Solico Engineers next-generation sustainable Duplicor composite façade for The Pulse

Solico’s latest collaboration with long-term client Holland Composites represents a new milestone in the application of sustainable engineered composite structures in the architectural sector. Solico has engineered the new 14,000m2 Duplicor® façade for the Pulse of Amsterdam – a high-end mixed use project containing work, living and leisure spaces in the heart of the city’s Zuidas business district – that has been built by Holland Composites for façade contractor De Groot & Visser.

For many years, developers, architects and civil engineers have been searching for a material solution that delivers the free-form design possibilities, low weight and minimal maintenance of composites whilst also meeting their cost, fire resistance and sustainability targets. Now, Duplicor, the bio-based, fire-resistant, lightweight and low CO2 composite solution from Holland Composites appears to have changed the game completely.

Though Solico has decades of façade engineering experience, with Duplicor being an entirely new composite material, this project required a little more preparation than normal before the engineers could get to work. Fortunately, Solico’s close technical relationship with Holland Composites allowed them to support a full program of testing during the multi-year development of the innovative new Duplicor material technology. At its in-house test laboratory, Solico carried out a full program of mechanical testing to define key strength and stiffness characteristics as well as interlaminar shear, bolt bearing strength, bonding and ageing factors.

With material properties in place, Solico engineers began analysing the initial façade module geometry supplied by Holland Composites. The Pulse façade, designed by MVSA Architects, features around 1,100 composite elements in total, each measuring around 3.6 x 3.8 metres. Each module type – Holland Composites used 17 different moulds in total – was planned to use a composite front and rear skin that would be laminated using Duplicor bio-based prepregs reinforced with heavyweight stitched multiaxial biax and 0-90˚ glass fabrics. The two skins would then be bonded together to form the picture frame style modules that cantilever progressively further outwards towards the top of the building.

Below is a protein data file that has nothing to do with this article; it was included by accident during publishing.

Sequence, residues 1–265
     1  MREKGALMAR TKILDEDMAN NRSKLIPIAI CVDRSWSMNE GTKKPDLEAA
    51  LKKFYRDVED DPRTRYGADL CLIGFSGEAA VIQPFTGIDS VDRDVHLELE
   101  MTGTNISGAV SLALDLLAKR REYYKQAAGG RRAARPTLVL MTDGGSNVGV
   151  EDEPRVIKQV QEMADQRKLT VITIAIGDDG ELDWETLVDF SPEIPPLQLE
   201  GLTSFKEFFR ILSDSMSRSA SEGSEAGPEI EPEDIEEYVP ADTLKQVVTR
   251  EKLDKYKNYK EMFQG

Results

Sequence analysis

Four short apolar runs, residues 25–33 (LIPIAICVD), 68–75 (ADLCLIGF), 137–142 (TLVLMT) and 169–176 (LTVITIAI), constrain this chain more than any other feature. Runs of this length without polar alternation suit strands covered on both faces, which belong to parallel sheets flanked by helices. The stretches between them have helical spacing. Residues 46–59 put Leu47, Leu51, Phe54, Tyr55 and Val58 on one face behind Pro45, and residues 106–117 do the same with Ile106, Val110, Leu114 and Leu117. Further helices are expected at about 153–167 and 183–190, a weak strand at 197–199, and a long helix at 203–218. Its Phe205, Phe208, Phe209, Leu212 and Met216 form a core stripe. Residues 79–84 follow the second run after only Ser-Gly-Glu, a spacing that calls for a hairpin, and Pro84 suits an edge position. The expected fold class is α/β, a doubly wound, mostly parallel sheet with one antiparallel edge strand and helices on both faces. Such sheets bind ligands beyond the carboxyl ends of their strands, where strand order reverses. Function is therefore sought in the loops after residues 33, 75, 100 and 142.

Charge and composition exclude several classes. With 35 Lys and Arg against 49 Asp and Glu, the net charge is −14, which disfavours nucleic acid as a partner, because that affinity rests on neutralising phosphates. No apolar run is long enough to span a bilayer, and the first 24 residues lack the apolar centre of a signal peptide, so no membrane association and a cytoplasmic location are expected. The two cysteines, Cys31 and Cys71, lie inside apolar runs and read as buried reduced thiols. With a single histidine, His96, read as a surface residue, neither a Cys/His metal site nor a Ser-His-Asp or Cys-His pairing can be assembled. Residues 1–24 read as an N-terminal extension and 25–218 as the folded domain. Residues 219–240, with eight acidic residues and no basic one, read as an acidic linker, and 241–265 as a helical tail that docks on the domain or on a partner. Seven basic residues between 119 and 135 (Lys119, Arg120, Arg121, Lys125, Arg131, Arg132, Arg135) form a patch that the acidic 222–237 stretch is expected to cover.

Due to the building’s urban position and neighboring structures, scale model wind tunnel testing at Peutz Netherlands was used to validate the wind loads for the Pulse façade. Data from the testing at Peutz confirmed the façade modules must withstand significantly higher wind loads than a standard façade, as well as supporting the weight of the glazing units and solar panels mounted on their upper sections. Solico quickly identified the need for additional shear bulkheads to support the composite skins and thicker PET core sections in some of the sandwich sections, in addition to checking the inserts and mounting points for the aluminium window frames.

Solico’s project scope also included additional testing as the project moved to the production phase. The Solico lab technicians carried out validation test work on sample laminates from production panels, the joint strength achieved with the bonding paste used to join the module skins, and also a confirmation of the bolt bearing strength of the solar panel mounting frame fixings in the sandwich cored module skins.

“All of the testing we have done for Holland Composites and De Groot & Visser confirms that the new Duplicor technology is a unique composite solution,” said Eric van Uden, Managing Director, Solico and Project Lead for the Pulse. “We can see enormous potential for Duplicor in a wide range of construction applications, as the combination of structural performance, fire properties and cost it offers is something we’ve not seen before in a lightweight composite – yet alone a sustainable 100% bio-based one.”

“Having a partner with Solico’s expertise supporting us throughout the Duplicor development cycle was a massive benefit for Holland Composites. Nobody thought our new material was possible but we were absolutely confident in the Duplicor technology. With Solico’s test results and ageing analysis providing us and our clients with an additional 3rd party verification of Duplicor’s long term mechanical performance, we’re ready to revolutionise the architectural composites market forever,” said Sven Erik Janssen, commercial director, Holland Composites.